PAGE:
I am using the odroid XU3 board. It has the Samsung Exynos5422 SoC. The SoC has BigLittle CPUs and the Arm Mali T628 MP6 GPU. I would like to run the CPU and the GPU in parallel on different sections of the array that I am processing. Currently to enforce coherency I have to use clEnqueueMapBuffer and clEnqueueUnmapMemObject. Usage of these OpenCL functions gives a performance degradation and due to this running the CPU and GPU in parallel becomes pointless. I have the following questions.
1) Are the caches of the ARM CPU and the GPU on this SoC coherent ?
2) The GPU shows up as two devices in OpenCL. Are these GPUs cache coherent ?3) Is there anyway to enforce coherency other than using MapBuffer and UnmapMemObject CL functions ?
What exactly are you hoping to achieve by handling cache maintenance yourself ?
I dont want to use uncached memory since there is lot of spatial and temporal locality in the data and I want to take advantage of that.
I am using and would like to use cached memory. My requirement is that I want to do processing simultaneously on both the CPU and the GPU. The workloads that i am using are dataparallel, so the CPU and GPU can work on different sections of the arrays in parallel. For this, I allocate opencl buffers(with CL_MEM_ALLOC_HOST_PTR) and map them so that they can be used by the CPU also. If there are no dependencies then fine, but if there are dependencies between the data that is computed on the CPU and the GPU then some kind of synchronization of memory has to be performed so that both the CPU and the GPU reads the updated values. I have been using map/unmap to do this. But sometimes this kills the performance, possibly due to the overhead of map and unmap or due to cache invalidation on CPU side.
In one of your previous replies, you say that opencl buffers cant be mapped or unmapped. I find that they can be mapped and unmapped.
Sorry for the confusion: I only meant externally allocated buffers/images cannot be mapped / unmapped using clEnqueueMap* / Unmap* (i.e buffers using EGL or GLES interops, or relying on a dma_buf allocation).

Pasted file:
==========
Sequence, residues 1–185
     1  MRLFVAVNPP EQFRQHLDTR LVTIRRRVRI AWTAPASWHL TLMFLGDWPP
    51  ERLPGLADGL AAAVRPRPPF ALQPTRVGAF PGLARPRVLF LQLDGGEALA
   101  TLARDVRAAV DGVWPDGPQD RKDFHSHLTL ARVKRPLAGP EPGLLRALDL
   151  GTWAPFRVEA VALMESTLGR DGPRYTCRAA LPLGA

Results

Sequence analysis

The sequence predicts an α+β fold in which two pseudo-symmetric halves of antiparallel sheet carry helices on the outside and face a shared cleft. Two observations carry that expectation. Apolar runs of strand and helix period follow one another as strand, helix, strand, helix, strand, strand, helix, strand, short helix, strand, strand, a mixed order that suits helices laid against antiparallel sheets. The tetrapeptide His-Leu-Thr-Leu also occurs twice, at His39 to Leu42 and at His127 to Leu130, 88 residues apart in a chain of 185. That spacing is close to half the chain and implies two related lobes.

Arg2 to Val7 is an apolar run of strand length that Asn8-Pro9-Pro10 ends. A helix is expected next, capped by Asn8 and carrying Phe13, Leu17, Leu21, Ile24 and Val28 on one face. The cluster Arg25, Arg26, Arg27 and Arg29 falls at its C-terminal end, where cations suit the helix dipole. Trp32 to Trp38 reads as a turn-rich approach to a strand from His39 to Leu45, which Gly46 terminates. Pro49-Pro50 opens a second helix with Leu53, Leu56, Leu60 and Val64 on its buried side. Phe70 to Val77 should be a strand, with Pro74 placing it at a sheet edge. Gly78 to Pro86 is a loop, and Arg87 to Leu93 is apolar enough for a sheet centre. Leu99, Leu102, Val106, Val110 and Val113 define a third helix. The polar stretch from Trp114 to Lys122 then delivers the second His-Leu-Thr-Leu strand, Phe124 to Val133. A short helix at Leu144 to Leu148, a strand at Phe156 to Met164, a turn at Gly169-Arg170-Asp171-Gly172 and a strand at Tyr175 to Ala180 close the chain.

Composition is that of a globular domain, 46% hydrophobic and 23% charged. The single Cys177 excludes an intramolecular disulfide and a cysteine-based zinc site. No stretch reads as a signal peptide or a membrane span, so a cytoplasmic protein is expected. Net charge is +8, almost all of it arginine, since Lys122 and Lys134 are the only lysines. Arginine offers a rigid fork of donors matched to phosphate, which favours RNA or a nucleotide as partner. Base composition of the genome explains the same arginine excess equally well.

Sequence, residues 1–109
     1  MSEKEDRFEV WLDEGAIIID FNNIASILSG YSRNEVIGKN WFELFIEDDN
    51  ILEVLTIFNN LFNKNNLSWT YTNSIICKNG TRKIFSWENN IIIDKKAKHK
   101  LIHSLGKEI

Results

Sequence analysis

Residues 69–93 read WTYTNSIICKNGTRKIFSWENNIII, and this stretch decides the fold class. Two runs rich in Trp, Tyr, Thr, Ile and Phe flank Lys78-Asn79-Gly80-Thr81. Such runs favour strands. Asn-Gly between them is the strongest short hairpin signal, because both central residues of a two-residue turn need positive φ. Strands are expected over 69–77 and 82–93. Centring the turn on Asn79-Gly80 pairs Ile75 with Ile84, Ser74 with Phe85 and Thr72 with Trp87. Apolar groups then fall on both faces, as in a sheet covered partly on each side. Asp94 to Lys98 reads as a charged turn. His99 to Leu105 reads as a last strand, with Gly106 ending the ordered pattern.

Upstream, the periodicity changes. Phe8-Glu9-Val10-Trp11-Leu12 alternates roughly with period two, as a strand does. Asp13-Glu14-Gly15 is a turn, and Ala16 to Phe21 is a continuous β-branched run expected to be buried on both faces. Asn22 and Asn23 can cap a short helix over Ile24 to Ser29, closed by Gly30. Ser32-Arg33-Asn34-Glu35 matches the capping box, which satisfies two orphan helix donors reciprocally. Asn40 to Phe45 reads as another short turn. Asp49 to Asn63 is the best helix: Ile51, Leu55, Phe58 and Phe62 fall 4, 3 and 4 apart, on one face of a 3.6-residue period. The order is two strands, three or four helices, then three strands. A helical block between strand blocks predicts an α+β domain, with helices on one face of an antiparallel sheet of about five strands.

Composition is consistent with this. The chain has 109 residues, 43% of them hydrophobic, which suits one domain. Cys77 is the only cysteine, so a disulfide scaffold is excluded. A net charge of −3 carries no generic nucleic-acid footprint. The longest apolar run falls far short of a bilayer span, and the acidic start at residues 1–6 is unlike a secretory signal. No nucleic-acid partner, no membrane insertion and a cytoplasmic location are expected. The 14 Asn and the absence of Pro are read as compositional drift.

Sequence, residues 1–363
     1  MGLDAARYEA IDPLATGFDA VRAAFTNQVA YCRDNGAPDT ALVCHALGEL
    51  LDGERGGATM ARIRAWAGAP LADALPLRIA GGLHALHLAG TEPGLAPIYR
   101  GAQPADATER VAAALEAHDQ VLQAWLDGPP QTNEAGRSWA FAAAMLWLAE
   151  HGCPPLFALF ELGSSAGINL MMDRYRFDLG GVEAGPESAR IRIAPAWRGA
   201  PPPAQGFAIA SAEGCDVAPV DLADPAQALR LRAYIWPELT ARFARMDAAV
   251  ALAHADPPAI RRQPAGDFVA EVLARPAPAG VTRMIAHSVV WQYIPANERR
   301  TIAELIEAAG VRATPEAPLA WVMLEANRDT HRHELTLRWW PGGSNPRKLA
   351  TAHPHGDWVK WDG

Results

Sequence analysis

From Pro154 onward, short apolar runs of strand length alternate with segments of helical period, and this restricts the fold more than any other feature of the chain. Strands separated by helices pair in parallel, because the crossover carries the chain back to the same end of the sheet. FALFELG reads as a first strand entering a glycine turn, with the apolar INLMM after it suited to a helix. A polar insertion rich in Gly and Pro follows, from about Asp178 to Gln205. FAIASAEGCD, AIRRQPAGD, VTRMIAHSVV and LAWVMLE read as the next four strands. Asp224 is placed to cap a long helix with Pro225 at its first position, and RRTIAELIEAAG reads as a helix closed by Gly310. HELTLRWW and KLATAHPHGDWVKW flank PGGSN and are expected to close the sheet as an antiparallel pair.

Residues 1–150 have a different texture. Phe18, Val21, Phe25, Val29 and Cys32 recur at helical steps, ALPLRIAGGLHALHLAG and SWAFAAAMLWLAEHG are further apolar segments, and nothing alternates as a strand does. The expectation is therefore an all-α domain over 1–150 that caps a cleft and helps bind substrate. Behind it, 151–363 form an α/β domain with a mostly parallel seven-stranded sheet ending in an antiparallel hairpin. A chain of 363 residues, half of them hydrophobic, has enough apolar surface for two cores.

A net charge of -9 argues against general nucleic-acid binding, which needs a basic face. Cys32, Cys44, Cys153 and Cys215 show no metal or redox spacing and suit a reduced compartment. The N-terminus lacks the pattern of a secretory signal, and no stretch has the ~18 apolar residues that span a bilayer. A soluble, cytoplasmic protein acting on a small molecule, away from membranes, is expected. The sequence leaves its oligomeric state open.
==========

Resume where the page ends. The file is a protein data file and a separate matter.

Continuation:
Despite the misleading name, all that clEnqueueMap* / Unmap* operations do is performing cache maintenance operations.
So what performance hit you get is due to the time it takes to perform the CPU cache maintenance (Which is why I suggested you to double check your CPU governor was actually set to run in performance mode).
The only other thing I can suggest is to use the "offset" and "cb" parameters of clEnqueueMap to only map the zone you're about to work on.
Hope this helps,
Thanks again for your comments. I have a few more questions.
I checked and found that performance is the CPU governor in use.
Are you sure that Map/Unmap does only cache maintenance ? It has to map the memory location allocated for the OpenCL buffer to CPU's virtual memory, isnt it ? I was thinking that clEnqueueMap is basically doing an mmap(which involves setting the page table and invalidates/cleans the cache) and munmap(which tears down the pagetable and invalidates/cleans the cache).
If Map/Unmap is only associated with the CPU then how am i managing to do the synchronization correctly ?
For eg. I have an array A[1..10]
Case 1 : CPU modifies locations A[1..10] and after that I call map/unmap which forces the entries in CPUs cache to be flushed/invalidated. But the GPU's cache might still be containing the old values for location A[1..10]. How does the GPU get the updated value after map/unmap?
Case 2 : GPU modifies locations A[1..10] and after that I call map/unmap which forces the entries in CPUs cache to be flushed/invalidated. But the GPU's cache might not have been flushed. Then how does the CPU get the updated value after map/unmap?
The way Map / Unmap are implemented is down to the implementer, in our case the memory get mapped when it's allocated and will remain mapped for the entire life of the buffer / image, which means Map / Unmap will only perform some cache maintenance and not some memory mapping.
As mentioned before the driver will take care of automatically synchronising the GPU caches before and after every GPU job, the CPU then gets the updated value by calling map / unmap. (Because Map / Unmap are associated to a command queue then you have a dependency between the GPU jobs and Map / Unmap).
map -> unmap -> enqueueNdRangeKernel : There will be a dependency of the kernel enqueued on the unmap operation, therefore the GPU cache maintenance will happen after the unmap.
enqueueNdRangeKernel -> map : There will be a dependency of the map operation on the kernel execution, therefore the GPU cache maintenance will happen before the map.
Thanks Anthony. You are of great help.